This is how the story goes. In 1936, Paul Linares lay ill and fevered. Strange and beautiful animals visited him in his dreams. Later, when he recovered, he tried to recreate these creatures and Alebrijes were born. Some doubt this story, but how can you look upon Alebrijes and fail to believe it?
Traditionally, alebrijes are papier-mâché or wood carvings, but they’re too wonderful to be limited to that! Alebrijes have bright, bold colors and beautiful patterns. They can be a single animal or a combination of two or more. Sometimes, they don’t look like anything that every existed.
Today, I’m going to show you how to draw and paint the Alpacamunk, an alebrije with the head of an alpaca and the body of a chipmunk!
I’ve included a video so you can see the steps in action, but the written tutorial has more detail and gives you longer to think about what you need to do.
- Daniel Smith Ultimate Mixing Set
- Princeton Velvetouch Long Round size 6
- Zebra Zensations Drafix Pencil .05
- Zebra Zensations Technical Pen 0.4
- Hahnemühle Cold Press Watercolor Postcards
- Not shown:
Drawing Alebrijes – The Alpacamunk
First, I look through reference photos, roughing out my ideas in a cheap journal I use for this purpose. I don’t want to ruin good paper by erasing and redrawing. Once I’m happy, I do a final pencil drawing on the good paper.
I’m using my final pencil drawing as the tutorial reference photo, and recreating the above process on acetate.
Shapes and Proportions
When you first start to pencil in your drawing, don’t worry about the smaller details. You want to make sure your subject fits the paper, and that you have the proportions correct.
Many artists use a trick with a pencil to eyeball proportions. I like to have a second pencil on hand so I can use one to measure and one to draw, but you can do it with just one pencil.
We’ll look at the head first, using it to compare widths/lengths around the rest of the body.
Pick up the pencil so you have the head-width marked off and …
… place it around the body to compare the width/length of the other body parts.
The width between head and back leg AND the width of the back are each a head-width, so the body is twice as wide as the head.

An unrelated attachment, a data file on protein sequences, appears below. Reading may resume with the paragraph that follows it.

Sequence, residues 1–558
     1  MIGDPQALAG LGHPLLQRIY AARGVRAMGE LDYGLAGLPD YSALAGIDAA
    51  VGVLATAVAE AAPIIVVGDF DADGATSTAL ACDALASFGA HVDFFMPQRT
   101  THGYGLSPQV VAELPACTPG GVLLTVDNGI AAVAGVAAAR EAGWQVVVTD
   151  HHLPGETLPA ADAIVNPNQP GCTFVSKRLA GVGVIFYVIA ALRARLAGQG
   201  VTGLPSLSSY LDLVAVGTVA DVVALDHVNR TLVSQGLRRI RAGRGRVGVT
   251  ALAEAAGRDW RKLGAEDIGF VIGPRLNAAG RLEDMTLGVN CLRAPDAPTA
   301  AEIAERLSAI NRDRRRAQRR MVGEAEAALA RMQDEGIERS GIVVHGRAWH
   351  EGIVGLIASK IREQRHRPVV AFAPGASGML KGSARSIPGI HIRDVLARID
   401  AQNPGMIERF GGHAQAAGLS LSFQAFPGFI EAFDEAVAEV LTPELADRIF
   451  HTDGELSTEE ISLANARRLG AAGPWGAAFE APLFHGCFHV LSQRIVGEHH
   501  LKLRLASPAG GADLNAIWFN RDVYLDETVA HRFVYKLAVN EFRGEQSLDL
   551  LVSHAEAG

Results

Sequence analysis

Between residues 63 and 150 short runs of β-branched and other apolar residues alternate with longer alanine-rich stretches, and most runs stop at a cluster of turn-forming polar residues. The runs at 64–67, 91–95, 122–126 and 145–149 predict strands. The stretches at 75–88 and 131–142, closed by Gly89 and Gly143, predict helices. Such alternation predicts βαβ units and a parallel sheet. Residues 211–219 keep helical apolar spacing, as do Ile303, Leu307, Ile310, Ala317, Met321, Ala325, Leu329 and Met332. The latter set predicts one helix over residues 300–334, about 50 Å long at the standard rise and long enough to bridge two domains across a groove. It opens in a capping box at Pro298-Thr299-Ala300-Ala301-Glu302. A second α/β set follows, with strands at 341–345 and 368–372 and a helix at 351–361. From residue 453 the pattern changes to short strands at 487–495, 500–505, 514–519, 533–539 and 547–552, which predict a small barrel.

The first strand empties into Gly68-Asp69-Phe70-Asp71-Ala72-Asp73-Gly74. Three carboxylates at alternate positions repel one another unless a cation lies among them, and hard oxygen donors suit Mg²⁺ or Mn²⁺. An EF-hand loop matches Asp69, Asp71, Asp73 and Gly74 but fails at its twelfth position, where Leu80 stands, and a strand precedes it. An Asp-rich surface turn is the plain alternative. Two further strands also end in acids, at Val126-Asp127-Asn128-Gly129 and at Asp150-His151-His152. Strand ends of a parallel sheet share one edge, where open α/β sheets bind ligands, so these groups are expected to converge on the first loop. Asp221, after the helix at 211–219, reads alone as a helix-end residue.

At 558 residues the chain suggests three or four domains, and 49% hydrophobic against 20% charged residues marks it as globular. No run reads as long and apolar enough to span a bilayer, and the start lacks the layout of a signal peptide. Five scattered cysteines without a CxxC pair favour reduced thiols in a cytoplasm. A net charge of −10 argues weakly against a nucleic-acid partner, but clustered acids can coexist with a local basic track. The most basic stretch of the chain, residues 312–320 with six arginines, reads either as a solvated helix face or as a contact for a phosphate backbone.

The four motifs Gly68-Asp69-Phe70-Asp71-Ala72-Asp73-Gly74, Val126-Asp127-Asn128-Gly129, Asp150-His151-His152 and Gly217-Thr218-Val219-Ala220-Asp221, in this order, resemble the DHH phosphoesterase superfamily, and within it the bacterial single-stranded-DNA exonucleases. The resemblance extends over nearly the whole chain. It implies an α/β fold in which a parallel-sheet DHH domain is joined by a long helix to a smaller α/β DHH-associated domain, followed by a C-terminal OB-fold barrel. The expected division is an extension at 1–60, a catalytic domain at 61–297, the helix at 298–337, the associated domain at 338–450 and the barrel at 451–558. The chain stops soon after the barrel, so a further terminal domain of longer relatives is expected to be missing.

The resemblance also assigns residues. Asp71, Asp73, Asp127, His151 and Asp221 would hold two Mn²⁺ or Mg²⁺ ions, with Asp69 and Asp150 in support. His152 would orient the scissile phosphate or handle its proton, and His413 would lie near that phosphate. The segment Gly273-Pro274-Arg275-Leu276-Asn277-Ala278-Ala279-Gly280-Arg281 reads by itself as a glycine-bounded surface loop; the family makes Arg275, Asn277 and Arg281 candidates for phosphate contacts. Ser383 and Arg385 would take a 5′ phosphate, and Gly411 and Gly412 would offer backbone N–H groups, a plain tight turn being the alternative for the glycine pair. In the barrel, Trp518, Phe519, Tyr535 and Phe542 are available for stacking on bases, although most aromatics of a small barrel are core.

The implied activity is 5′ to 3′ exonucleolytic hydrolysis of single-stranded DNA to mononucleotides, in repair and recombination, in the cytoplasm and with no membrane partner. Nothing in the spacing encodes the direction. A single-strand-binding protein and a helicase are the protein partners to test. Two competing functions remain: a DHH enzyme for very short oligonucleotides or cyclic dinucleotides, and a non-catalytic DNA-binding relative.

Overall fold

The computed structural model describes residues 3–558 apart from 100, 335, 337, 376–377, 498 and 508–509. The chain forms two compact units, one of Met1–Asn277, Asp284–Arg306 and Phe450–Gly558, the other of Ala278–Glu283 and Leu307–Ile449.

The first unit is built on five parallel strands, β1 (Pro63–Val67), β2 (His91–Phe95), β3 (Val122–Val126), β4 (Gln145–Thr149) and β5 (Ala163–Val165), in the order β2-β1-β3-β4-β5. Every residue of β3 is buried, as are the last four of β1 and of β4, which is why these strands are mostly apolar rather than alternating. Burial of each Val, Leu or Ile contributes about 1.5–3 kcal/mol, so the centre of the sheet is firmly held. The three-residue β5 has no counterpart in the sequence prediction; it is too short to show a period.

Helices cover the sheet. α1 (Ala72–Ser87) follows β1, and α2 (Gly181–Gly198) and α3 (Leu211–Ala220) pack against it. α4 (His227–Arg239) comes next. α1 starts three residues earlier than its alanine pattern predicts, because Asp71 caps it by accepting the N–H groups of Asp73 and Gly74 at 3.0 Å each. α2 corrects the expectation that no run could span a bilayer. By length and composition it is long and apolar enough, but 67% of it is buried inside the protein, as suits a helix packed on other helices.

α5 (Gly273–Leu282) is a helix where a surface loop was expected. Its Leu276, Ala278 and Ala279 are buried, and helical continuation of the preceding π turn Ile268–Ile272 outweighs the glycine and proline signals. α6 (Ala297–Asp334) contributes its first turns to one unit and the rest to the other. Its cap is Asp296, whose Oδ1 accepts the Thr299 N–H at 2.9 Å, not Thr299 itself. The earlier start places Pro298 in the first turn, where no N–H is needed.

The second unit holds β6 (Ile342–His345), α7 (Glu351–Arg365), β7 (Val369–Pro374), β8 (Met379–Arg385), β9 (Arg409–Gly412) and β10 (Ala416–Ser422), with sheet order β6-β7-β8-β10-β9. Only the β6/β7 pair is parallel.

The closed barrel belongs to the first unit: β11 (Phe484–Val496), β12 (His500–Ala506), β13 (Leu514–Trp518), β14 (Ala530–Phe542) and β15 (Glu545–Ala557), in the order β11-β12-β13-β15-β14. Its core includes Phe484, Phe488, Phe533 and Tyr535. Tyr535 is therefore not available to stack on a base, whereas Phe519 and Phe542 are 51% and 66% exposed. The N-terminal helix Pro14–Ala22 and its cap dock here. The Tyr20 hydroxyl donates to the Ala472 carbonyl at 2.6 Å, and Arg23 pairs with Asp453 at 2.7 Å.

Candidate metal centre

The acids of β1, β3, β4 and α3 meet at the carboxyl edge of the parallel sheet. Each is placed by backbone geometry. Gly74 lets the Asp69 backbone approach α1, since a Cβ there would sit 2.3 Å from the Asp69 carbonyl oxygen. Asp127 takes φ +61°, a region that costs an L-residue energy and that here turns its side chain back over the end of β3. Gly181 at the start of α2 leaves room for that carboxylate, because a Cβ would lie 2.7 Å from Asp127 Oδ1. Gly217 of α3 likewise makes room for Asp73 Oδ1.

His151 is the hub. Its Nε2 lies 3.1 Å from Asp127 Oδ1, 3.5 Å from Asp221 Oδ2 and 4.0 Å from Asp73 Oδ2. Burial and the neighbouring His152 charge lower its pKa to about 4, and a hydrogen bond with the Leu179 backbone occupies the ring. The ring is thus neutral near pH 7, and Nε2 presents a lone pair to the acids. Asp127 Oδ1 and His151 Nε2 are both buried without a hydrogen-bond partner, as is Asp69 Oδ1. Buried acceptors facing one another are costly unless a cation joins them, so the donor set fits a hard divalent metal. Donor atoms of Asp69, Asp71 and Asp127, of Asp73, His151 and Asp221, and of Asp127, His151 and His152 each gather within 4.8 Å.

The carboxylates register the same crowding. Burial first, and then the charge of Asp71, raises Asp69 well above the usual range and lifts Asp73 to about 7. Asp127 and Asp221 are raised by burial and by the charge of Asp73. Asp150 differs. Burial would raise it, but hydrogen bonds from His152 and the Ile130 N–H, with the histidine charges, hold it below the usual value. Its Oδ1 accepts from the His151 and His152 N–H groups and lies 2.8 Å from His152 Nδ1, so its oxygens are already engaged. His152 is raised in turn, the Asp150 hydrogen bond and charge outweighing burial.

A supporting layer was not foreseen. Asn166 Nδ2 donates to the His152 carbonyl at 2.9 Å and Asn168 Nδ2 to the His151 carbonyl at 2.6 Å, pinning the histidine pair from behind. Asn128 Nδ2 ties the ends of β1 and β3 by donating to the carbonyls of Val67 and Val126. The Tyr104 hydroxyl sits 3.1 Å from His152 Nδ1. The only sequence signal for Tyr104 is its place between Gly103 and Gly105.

The length of the back leg is the same length as the tail. The length of the front leg is also a head-width!
The body is about 2/3 as tall as it is long. Sorry, I forgot to mark that.
Once you’ve got the main shapes and a good idea of the proportions you can do the finished pencil drawing. My preference is to keep it simple, and add detail when I do the pen drawing. Others prefer to make the pencil drawing exact and just trace over it with pen.
Note that if you are drawing outdoors, you can use this pencil trick, but it works a little differently. That’s out of the scope for this tutorial, so I’ll save it for another time.
Since I use my pencil drawing as a guide for shape and proportion, this is where I add detail.
I add the texture of fur, the eye, the nose, the mouth and all the detail around it. I draw the body, indicating the changing texture of fur and a little texture inside.
Once I’m happy with the animal, then I start adding patterns. Patterns are a feature of alebrijes, but it’s your choice whether to add them or not.
Working on a postcard gives me limited space, so I usually keep my patterns simple (ever notice what a simple person I am?).
I wanted something that conveyed the curly hair that you find on an alpaca’s head …
…so, I went with a curly pattern.
For the chipmunk body, I went with stripes and spots sort of echoing those found on chipmunks.
Painting Alebrijes – The Alpacamunk
The colors I used are Hansa Yellow Medium, Quinacridone Gold, Quinacridone Rose, Pyrrol Scarlet, Cerulean Blue Chromium, Jane’s Grey, and Phthalo Green. Jane’s Grey is exclusive to the Daniel Smith Ultimate Mixing Set, but a neutral tint or Payne’s Grey would work as well.
I added enough water to my paint to get a creamy mix. Easy to spread, but medium dark in color. At times, when I had very little paint left on my brush, I used it for shading.
I chose bright circus-like colors, but feel free to choose your own. Have fun and use the colors that make you want to sing!
Hansa Yellow Medium. I let this dry before adding the next color so they won’t run together.
Quinacridone Gold. I let this dry before adding the next color .
Quinacridone Rose. I had a little too much water in my brush for what I intended.
Pyrrol Scarlet. I let some of it run into the hooves so they’d be darker. Then, I let this dry before adding the next color.
Cerulean Blue Chromium. Notice the fine point on the brush. If you intend to work at this size, a brush that holds a point like this is the best.
When I only had a little bit of paint left on the brush, I used it to add a little shading where I had drawn texture for fur.
For the shadow on the ground, I used Jane’s Grey first, and then immediately added Phthalo Green so the colors would blend.
I used a watery mix of Jane’s Grey to add shading along the back of the legs, tail, head and body, as well as cast shadow behind the head, the curve of the tail, and around the front legs.
As a last touch, I wanted to lighten the color of the hooves, so I lifted a little bit of color, by wetting with the brush and blotting with a tissue.
Here’s a video version of the process:
I hope you’ve enjoyed this tutorial. Let me know if you are interested in further tutorials for more alebrijes.
Recommended6 recommendationsPublished in
I’m a self-taught artist who dances about with all sorts of artistic mediums. My main loves are Watercolor, Zentangle and Ballpoint pen. The subjects of my work are many and varied and change at whim. I’m a little bit crazy, but doesn’t that come with being an artist? At my Life Imitates Doodles Blog, I post a list of resource links for Tangles, Tutorials and Giveaways three times a week. I also write reviews, hold giveaways and share my art work.